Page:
What the moonlight of reason shows dimly, the sunlight of revelation shows clearly

Some people think that reason and revelation are contradictory. They fear that if they accept revelation, they will be giving up their rationality and end up believing crazy things.

This dichotomy presumes that reason keeps us sane. But why should reason perform this function of distinguishing the sensible from the senseless? Why should the universe function rationally? More fundamentally, why should rationality be a reliable way to truth? Even more fundamentally, why should we have a reasoning capacity? If we were fashioned by unguided natural forces, why did we end up with a reasoning capacity?

The most reasonable understanding of the utility of reason is that it is a gift from a higher source. From where has this gift come? Might it be that the same higher intelligence that has made the universe according to a rational order has also given us a rational intelligence that helps us unravel the secrets of the universe? Might that same higher intelligence have also shared far greater wisdom at certain momentous moments in history, which we now call as revelation?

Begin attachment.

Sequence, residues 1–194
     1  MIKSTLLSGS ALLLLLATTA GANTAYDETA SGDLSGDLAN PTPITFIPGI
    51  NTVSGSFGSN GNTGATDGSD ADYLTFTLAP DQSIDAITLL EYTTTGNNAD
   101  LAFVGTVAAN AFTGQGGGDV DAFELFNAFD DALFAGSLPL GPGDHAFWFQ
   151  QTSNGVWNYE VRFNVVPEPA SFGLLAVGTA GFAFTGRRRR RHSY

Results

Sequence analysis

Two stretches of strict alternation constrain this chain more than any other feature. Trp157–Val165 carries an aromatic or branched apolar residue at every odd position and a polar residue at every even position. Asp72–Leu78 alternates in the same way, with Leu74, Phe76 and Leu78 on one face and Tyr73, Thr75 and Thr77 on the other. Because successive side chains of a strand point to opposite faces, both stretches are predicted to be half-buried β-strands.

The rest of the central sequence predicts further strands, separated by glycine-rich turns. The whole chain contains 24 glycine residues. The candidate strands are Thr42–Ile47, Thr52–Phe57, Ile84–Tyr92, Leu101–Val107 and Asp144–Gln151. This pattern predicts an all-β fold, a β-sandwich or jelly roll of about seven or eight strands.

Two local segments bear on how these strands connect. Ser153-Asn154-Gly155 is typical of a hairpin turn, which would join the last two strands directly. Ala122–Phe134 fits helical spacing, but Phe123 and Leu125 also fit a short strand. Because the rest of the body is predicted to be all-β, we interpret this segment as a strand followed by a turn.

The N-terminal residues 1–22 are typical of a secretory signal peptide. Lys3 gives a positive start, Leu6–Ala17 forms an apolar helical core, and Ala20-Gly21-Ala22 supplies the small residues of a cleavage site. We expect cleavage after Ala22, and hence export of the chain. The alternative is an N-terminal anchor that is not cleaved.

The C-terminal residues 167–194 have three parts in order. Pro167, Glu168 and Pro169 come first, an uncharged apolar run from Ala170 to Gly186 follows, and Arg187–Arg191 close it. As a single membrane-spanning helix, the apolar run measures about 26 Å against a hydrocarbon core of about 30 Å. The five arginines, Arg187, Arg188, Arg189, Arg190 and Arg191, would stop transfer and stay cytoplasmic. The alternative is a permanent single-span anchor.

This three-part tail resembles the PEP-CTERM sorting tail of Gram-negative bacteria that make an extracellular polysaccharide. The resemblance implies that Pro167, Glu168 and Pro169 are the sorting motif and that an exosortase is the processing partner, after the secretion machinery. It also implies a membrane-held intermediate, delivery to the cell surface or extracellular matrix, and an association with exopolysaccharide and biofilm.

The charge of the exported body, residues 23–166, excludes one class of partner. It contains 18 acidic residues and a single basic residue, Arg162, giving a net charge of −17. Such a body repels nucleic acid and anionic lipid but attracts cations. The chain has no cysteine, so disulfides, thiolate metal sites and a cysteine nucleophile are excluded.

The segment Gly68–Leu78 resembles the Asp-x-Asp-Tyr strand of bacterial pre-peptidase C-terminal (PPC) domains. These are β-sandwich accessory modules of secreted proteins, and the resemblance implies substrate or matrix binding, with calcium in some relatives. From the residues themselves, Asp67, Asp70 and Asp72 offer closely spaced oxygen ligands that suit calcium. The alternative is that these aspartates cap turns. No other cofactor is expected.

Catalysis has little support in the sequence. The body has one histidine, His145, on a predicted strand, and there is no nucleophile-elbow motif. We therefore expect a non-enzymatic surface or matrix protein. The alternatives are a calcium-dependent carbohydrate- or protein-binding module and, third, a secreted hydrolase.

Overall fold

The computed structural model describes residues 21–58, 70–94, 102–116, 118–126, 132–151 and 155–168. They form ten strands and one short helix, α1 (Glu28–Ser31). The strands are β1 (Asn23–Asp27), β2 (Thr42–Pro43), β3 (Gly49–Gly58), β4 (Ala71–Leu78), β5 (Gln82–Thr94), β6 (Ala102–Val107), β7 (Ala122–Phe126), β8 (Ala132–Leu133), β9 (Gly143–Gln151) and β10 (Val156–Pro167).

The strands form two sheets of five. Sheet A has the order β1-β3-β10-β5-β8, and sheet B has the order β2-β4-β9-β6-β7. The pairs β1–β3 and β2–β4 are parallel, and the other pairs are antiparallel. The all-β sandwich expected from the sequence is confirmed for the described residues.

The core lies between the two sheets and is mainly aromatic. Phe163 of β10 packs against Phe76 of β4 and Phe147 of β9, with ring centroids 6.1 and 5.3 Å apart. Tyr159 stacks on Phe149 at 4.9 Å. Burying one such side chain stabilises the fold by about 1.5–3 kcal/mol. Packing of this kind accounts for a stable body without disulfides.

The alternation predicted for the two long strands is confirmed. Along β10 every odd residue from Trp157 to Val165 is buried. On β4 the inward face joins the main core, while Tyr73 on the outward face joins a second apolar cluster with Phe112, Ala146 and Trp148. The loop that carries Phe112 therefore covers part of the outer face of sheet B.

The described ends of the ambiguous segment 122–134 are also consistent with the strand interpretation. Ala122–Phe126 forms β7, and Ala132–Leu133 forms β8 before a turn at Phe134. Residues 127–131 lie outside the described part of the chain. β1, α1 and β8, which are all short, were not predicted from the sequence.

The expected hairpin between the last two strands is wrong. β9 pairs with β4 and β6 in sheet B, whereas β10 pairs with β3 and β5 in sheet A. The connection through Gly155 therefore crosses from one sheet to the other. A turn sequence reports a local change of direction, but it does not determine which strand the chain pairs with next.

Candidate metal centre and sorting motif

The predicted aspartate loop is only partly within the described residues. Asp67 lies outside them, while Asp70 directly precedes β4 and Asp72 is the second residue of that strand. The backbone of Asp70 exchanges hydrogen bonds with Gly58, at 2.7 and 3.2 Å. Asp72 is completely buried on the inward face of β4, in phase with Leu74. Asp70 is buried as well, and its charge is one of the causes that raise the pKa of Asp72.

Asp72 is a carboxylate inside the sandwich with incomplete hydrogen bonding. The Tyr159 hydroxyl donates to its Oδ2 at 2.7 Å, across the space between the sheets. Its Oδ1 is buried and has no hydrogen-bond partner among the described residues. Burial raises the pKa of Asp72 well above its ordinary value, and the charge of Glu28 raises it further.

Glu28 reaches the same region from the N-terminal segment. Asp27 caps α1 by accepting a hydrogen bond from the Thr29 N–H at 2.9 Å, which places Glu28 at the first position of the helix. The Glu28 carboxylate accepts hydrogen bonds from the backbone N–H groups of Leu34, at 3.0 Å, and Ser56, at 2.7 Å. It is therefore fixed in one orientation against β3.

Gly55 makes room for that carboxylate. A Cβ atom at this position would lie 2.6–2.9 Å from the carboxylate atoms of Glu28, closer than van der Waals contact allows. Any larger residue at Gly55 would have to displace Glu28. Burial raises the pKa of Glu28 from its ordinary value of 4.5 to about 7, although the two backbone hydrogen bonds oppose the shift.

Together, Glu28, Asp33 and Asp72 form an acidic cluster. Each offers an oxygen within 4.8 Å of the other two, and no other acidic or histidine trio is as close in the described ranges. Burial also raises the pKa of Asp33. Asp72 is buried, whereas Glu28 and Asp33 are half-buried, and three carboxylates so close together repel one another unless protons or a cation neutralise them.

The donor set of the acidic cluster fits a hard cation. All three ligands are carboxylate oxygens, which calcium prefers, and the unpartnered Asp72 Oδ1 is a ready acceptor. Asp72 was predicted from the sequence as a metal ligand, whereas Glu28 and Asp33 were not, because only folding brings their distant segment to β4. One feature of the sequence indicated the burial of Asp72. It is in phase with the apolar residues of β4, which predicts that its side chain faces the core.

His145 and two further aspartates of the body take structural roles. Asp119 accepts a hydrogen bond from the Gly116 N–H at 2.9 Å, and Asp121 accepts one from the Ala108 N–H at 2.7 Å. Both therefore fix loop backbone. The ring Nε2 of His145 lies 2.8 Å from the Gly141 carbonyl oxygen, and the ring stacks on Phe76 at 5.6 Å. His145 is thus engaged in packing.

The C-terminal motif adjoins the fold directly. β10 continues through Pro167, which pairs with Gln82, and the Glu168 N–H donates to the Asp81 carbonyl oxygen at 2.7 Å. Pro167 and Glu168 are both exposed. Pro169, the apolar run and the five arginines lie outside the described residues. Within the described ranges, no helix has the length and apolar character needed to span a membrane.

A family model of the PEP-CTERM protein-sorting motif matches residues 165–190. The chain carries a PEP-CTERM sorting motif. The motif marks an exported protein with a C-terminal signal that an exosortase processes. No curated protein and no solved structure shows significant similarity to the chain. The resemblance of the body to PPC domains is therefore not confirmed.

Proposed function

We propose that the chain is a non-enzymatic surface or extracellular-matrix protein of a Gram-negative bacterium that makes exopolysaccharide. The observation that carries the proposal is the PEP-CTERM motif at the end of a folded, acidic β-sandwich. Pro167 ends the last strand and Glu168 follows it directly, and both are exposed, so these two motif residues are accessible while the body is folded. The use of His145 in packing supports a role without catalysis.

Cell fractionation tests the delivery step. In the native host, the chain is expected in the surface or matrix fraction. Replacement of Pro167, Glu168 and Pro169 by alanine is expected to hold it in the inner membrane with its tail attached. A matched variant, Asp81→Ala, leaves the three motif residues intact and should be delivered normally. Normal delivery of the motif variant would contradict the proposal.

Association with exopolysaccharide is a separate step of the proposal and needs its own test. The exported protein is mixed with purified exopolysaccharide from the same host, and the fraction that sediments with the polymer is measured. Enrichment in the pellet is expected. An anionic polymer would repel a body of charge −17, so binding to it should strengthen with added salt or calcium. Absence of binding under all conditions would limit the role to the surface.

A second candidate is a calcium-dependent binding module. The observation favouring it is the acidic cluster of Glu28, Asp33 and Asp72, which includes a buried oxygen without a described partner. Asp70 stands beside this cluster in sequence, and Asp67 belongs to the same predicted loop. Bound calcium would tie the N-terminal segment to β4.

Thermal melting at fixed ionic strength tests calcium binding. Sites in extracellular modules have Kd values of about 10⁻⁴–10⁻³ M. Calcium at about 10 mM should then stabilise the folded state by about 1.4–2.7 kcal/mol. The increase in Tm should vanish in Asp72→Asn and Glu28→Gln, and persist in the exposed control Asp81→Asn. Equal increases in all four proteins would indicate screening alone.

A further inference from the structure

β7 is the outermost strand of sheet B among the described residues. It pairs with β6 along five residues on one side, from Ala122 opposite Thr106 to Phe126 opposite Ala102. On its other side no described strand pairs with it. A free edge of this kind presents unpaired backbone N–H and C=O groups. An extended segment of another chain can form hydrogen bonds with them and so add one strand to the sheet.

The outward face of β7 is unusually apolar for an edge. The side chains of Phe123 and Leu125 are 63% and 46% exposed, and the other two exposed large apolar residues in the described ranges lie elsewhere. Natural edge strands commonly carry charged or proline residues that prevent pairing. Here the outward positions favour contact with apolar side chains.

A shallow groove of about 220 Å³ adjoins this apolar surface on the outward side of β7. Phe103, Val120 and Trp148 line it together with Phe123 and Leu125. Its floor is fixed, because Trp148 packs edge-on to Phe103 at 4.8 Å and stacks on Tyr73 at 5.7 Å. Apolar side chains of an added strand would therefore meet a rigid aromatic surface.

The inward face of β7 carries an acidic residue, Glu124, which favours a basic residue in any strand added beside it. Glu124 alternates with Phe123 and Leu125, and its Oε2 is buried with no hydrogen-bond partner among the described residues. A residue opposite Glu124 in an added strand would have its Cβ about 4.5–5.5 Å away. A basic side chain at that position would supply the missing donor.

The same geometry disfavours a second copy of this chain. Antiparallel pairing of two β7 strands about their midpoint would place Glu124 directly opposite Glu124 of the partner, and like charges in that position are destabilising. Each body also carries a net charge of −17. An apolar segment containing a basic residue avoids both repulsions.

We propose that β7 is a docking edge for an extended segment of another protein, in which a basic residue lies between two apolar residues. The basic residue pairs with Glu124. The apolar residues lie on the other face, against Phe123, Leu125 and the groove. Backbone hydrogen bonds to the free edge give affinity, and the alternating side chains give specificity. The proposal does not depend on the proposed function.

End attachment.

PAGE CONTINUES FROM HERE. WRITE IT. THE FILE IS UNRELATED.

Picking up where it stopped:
If this were true, then reason and revelation could work in a delightful harmony that illumine us with deeper understanding during our life-journey.

Considering that the universe is so vast and what we know of it is so little, we could say that we know with our reason is like what we see in the night with moonlight or flashlight. But the big picture of what life is meant for might be visible through revelation, which is like the sunlight.

Echoing the motif of harmonious illumination through various ways of knowing, the Bhagavad-gita (04.39) states that faith is the gateway through knowledge, be it through reason or revelation or both.


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Sensual hope deludes, spiritual hope delivers
Focus on the cause that brings us together, not on the conditions and conditionings that push us apart
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